Someone Else’s Words: Reposting a blog that I think is relevant here


Good day all,

I’ve thought long and hard about how to discuss this topic, and how to address an excellent blog post that I ran into a few weeks ago, and the best solution that I can come up with is simply to add my support to what Dr. Coyle has written by reposting it:

A Letter to my Christian Friends who are Anxious about your Religious Liberty


I hope you’ll take a moment to look through it.

I’d happily just repost the full text here, with appropriate attribution, and leave it at that, but I suspect there is some sort of blog ethic against that.

The author makes many valuable points. And she indicates a path out of fear about the current state of our world, out of striving anxiously about our rights. A path that is correct, that is based in eternal promises.

The most significant point, to me, is that other people having civil rights and liberties is not the same as mine being threatened or taken away.

I feel sometimes that we are so very far from understanding what it means to be oppressed that we’ve come to view any risk of discomfort as an assault.

It’s no longer enough that I have the right to believe as I believe and practice my beliefs so long as they don’t harm you. Now  just knowing that you have the same rights I have, though you don’t believe the way I do, is an assault on my civil liberty.

That is a dangerous place to get to.

The concept that church and state should be separate except when it’s MY church, is all fine and good when MY group happens to be the majority. But I can’t be sure that will always be the case.

At the risk of being melodramatic, it’s a bit like the Niemoller statement

First they came for the Socialists, and I did not speak out—
Because I was not a Socialist.

Then they came for the Trade Unionists, and I did not speak out— Because I was not a Trade Unionist.

Then they came for the Jews, and I did not speak out—
Because I was not a Jew.

Then they came for me—and there was no one left to speak for me.

I don’t want to get to that place.

But even if that were not risk, I agree with Dr. Coyle that I have a responsibility as a Christian to not put others in that place either.

And for more than one reason.

I AM obligated as a Christian to treat others as I’d want to be treated, yes.

I’m also obligated to display the image of Christ.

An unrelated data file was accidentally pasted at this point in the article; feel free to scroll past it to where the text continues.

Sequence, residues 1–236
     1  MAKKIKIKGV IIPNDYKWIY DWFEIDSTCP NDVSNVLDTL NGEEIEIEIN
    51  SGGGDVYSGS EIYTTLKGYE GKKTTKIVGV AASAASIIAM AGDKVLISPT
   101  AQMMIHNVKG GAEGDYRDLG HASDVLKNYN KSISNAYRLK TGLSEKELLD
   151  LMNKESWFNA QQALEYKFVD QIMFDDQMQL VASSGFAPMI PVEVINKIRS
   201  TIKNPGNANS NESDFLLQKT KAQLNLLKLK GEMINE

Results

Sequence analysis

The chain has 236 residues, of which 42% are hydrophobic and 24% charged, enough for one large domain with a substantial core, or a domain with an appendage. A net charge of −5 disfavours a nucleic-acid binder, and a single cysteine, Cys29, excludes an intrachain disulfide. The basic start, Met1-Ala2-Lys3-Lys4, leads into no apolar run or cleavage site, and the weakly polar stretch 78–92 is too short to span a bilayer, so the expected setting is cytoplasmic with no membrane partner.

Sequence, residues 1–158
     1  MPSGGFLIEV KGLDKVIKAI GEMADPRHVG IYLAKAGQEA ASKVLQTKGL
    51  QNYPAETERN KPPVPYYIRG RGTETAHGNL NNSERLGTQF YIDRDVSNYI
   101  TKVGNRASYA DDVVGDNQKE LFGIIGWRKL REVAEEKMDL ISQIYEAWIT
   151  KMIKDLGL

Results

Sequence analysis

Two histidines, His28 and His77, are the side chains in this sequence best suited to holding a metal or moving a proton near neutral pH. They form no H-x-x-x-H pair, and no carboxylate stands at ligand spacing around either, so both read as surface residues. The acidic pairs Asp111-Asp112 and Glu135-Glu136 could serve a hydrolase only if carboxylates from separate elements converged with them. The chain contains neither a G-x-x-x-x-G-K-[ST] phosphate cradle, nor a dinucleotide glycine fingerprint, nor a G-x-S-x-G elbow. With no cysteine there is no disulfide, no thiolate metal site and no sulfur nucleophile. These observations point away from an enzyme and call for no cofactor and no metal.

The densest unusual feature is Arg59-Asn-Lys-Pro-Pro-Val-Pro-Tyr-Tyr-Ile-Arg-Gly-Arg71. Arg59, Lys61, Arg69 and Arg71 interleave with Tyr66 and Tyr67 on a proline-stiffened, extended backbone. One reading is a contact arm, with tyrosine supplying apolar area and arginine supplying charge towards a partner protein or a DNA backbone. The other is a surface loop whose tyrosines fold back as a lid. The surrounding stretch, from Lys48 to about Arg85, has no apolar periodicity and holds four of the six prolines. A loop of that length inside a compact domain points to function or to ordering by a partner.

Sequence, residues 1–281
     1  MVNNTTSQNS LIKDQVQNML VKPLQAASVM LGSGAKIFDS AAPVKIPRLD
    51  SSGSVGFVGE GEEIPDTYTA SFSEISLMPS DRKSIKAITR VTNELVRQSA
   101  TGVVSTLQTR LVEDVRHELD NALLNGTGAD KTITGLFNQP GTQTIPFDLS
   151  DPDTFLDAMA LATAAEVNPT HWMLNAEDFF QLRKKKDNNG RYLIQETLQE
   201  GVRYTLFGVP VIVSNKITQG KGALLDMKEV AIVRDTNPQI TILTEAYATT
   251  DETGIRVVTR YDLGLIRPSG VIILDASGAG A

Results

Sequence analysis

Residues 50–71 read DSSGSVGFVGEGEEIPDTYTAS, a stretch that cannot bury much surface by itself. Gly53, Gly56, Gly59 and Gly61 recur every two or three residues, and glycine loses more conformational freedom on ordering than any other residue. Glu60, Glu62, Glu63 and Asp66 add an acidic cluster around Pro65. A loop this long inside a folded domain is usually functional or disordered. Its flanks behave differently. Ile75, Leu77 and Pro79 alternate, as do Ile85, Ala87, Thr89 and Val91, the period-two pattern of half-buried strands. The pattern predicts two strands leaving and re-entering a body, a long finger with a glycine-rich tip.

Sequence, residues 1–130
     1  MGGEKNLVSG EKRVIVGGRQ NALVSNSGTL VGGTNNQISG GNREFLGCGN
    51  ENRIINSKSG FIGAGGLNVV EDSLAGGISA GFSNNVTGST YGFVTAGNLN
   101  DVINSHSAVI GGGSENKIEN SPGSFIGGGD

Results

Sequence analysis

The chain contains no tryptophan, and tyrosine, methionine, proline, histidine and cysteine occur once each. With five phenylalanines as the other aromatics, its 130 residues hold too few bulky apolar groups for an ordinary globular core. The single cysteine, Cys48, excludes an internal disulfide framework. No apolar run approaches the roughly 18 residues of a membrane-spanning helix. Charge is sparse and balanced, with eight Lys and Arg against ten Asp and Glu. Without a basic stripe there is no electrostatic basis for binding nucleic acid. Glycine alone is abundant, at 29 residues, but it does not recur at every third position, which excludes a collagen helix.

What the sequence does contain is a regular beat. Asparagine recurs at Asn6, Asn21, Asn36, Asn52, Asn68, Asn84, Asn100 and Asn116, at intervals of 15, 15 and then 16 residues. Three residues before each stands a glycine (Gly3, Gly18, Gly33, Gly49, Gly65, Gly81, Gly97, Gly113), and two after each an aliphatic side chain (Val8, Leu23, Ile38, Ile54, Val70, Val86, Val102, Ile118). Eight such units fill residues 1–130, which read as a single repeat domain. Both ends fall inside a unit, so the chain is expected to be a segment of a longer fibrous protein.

But perhaps the most important reason comes in Dr. Coyle’s note:

I must say to my fellow Christians that lots of people are tired of hearing us whine and blame and squabble and demand our own way. People will be much more inclined to listen to us when they can actually see us:

partnering across divides to feed the hungry;

advocating for a hopeful future for all children;

demanding justice for the oppressed;

challenging the abuse of our planet;

working to include the marginalized;

and maybe even baking cakes for our neighbors’ weddings. 
Maybe even “bake for them two.”

Call me crazy, but I just can’t shake the suspicion that living as Christ commands us to is meant to be the key to our success as his image bearers.

Be well. 

Looking for reasons to be happy

Happy Monday!!!

I hope everyone is well!

I found this neat little article by Joshua Becker that gave me quite some food for thought.

The thesis is that if you’re looking for reasons to be happy, you’ll probably find them.

Mr. Becker extrapolates this out to many more examples:

If you’re looking for reasons to be scared, you’ll find them.

If you’re looking for reasons to be mad, you’ll find them.

If you’re looking for reasons to be encouraged, you’ll find them.

And so on.

I could absolutely see how that works.

It’s like that  great Thai restaurant on 5th and Main that your friend just mentioned: You’ve lived here for 8 years, the Thai place has been there for 3 years, but you had never once noticed it.

NOW, however, in the 6 days since she mentioned it, you’ve seen two ads for it, one review of it, and your brother mentioned having lunch there.

All it needed was an anchor in your consciousness, and now it’s EVERYWHERE.  

So, Mr. Becker’s point hit home. Whatever anchor my mind is working from is likely to grow in my awareness – it’s happened a million times without my even trying! 

And I don’t know about you, but I could do with more happiness, gratitude, encouragement, hope…! I’ve also got more than enough fear, anger, defeat, and loss to last for a good long while.

So, I’m going to be on the lookout for those reasons to be happy, to have hope, to look forward to the future…


Be well.